On Monday 18th March 2019, Solihull Faiths Forum issued a statement on behalf of our Baha’i, Christian, Hindu, Jewish, Muslim and Sikh members in the wake of the right wing terrorist attack perpetrated in Christchurch, New Zealand.
The statement read:
Along with the rest of the world we are shocked and horrified at the massacre of unarmed men, women and children at the Al-Noor and Linwood Mosques in New Zealand.
We condemn the hatred and intolerance that led to such a despicable act and we stand in solidarity with our Muslim brothers and sisters, offering our prayers and love to the familes of those killed and injured by such senseless violence. We unite with people of all faiths to promote peace, understanding and tolerance in all of our communities.
On Wednesday 15th November 2018, Solihull Faiths Forum staged a concert at Solihull Methodist Church to commemorate the centenary of the end of World War One. Entitled ‘From Battles to Brotherhood – One Hundred Years on’, the concert is being staged by Solihull’s churches and faith groups.
The evening commenced with networking over a finger buffet before the concert commenced in the presence of the Mayor of Solihull, Councillor Flo Nash. In a programme lasting almost 90 minutes, the war was recalled and peace celebrated in a combination of music, words (sung and spoken) and dance.
On Tuesday 7th August 2018, the Government’s Minister for Faith, Lord Bourne, chose to pay a visit to Solihull to meet with members of the Solihull Faiths Forum and discuss the work of bringing people of different faiths and backgrounds together.
The meeting was attended by representatives of nine of the borough’s faith communities, who joined the Minister in conversation for an hour at the meeting hosted by the Missionary Society of St. Columban in Widney Manor Road.
(Lord Bourne, 4th from right, meets with Forum representatives)
The Minister heard of the history of the Forum, founded in 2006, and its work in maintaining dialogue between faith communities and hosting events aimed at developing greater mutual understanding. He described the meeting as ‘positive, effective and informative’.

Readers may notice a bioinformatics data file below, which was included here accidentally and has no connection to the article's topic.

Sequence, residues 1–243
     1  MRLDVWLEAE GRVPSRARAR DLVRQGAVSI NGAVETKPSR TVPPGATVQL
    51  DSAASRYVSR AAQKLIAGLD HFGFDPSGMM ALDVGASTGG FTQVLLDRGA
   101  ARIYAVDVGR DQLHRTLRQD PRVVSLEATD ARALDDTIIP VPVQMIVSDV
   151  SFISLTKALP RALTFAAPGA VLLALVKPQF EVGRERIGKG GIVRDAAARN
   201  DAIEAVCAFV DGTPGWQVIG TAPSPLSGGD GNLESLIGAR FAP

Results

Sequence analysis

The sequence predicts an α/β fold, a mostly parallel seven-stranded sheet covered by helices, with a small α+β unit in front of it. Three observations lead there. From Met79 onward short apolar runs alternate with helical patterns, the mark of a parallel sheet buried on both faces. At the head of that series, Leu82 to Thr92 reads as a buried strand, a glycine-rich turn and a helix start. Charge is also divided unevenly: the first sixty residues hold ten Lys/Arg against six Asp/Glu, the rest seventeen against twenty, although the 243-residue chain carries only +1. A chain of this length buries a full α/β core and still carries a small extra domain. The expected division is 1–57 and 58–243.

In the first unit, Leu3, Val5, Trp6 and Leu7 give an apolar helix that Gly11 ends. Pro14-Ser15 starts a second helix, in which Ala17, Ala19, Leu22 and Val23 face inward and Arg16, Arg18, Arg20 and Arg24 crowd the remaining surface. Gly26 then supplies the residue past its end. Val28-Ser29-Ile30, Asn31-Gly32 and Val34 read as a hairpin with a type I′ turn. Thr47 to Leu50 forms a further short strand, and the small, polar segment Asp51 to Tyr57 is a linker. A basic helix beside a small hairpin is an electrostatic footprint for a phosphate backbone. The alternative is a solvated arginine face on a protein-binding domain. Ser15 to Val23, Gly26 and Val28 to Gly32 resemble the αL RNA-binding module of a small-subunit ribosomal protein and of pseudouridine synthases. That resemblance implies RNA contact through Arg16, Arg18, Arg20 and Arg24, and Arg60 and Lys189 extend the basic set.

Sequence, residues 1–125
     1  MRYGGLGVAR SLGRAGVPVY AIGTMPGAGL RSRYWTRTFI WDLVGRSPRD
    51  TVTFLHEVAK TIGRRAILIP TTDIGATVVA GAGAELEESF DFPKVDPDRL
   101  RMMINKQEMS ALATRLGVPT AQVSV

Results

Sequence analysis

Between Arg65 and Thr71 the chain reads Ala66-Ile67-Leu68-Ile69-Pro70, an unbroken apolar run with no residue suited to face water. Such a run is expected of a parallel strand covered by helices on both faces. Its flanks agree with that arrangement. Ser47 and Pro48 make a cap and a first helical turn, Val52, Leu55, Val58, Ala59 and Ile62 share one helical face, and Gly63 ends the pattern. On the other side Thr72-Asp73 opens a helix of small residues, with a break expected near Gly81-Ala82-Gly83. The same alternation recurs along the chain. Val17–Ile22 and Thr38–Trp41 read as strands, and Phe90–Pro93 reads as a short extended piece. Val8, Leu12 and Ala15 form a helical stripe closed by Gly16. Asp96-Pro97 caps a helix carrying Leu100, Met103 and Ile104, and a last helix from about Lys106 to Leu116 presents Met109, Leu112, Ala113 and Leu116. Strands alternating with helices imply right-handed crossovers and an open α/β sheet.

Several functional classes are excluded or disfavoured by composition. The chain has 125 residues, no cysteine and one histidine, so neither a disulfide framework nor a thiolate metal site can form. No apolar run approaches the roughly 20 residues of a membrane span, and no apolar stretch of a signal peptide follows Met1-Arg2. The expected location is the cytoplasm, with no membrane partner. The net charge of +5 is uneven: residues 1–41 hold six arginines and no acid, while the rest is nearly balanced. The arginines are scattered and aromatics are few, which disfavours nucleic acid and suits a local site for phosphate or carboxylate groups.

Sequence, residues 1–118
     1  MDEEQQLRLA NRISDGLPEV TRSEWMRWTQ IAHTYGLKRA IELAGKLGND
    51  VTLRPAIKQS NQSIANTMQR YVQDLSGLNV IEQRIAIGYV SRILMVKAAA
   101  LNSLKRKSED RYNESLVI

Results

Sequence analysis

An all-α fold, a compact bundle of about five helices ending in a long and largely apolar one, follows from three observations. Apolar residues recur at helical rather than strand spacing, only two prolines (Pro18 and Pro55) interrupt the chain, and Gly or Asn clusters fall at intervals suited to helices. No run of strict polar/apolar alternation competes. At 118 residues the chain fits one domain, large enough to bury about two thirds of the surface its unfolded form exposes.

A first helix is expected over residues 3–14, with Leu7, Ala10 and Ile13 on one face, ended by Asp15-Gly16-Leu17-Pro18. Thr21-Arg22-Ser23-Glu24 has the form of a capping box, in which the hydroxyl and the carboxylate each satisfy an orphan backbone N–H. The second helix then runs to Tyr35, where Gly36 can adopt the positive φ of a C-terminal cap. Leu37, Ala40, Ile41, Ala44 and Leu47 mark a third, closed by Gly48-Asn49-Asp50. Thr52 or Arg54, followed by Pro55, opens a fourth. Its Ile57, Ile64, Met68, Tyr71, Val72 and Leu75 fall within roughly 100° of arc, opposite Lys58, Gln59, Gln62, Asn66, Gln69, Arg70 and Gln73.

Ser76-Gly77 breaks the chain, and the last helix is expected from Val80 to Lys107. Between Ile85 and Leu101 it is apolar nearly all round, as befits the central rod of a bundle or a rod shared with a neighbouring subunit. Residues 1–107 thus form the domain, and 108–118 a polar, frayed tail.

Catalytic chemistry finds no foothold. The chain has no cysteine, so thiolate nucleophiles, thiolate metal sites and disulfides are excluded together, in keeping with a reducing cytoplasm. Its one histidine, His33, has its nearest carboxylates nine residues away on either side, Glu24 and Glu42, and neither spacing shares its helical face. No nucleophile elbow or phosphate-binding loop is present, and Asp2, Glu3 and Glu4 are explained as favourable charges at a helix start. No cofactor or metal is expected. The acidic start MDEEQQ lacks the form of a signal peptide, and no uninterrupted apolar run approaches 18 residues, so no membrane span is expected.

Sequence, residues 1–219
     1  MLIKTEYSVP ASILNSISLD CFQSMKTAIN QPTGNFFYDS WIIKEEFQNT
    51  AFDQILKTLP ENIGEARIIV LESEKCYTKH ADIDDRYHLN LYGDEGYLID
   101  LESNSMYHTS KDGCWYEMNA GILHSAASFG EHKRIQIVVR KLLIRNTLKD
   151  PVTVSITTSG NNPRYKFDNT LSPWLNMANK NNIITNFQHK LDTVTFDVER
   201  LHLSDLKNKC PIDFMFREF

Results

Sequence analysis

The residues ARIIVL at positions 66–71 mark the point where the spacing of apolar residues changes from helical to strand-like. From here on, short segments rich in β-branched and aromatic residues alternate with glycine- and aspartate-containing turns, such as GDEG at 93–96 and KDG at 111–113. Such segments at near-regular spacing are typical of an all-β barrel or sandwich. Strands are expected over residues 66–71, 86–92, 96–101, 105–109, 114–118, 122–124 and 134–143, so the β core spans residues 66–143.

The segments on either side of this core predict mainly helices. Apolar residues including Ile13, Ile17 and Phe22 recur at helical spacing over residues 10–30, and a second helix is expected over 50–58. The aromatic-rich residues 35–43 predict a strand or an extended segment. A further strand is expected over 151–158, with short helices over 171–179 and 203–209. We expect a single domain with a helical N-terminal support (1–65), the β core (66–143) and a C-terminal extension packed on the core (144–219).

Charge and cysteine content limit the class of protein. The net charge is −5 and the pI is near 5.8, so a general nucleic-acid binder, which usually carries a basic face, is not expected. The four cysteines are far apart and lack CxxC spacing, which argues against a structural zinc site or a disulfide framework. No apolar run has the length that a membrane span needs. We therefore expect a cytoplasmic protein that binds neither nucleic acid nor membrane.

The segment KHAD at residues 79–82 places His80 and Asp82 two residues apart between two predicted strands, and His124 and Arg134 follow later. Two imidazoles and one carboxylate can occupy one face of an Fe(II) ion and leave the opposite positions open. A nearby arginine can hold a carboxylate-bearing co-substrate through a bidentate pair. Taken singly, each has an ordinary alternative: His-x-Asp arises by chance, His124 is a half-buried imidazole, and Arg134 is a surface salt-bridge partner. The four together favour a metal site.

Lord Bourne took the opportunity to explain the Government’s Integration Green Paper, which sets out a vision of Britain where people, whatever their background, live, work, learn and socialise together in their communities. This vision is based on shared rights, responsibilities and opportunities, a vision which is shared by the Forum.
The Forum’s Chair, Pat Wilkinson, said: “It was encouraging to see that the Government shares our aim of increasing knowledge, understanding and co-operation between people of all faiths and none, which in turn benefits all in our community.”
Our 2018 AGM was held on Monday 18th June 2018 at The Hub, Touchwood Shopping Centre. The meeting began was light refreshments at 6pm, with the formal business meeting, inclusive of Chair’s presentation of the Annual Report and of the Steering Group appointments, commencing at 6.30pm.
Following this our Guest Speaker was Alison McGrory, Assistant Director, Stronger Communities and Partnerships, Solihull Council. Her focus was ‘Stronger Communities and Social Action’.
The meeting was closed with encouraging words from the Mayor of Solihull, Councillor Flo Nash, who had been pleased top hear of the work of the Forum during the meeting.
On Wednesday 7th February 2018 fifty eight contestants in ten teams gathered at the Three Trees Community Centre, Chelmsley Wood Baptist Church, to pit their wits against each other for a World Interfaith Harmony Week Quiz Night.
They tackled a hundred varied questions mixing traditional quiz themes such as history, sports and arts with a smattering of faith based questions all with an international flavour, leaving no continent and no major faith unvisited during two hours of testing challenge, interrupted only by a break for fellowship and a fish’n’chip or veggie burger supper.
The evening concluded with a win for a team that joined the forces of four of the Forum’s partners in Solihull Council with two of our Hindu members. As usual, few were in a rush to go home. Conversation continued, more friendships were sealed and folk left with a consensus that ‘we must do this again’.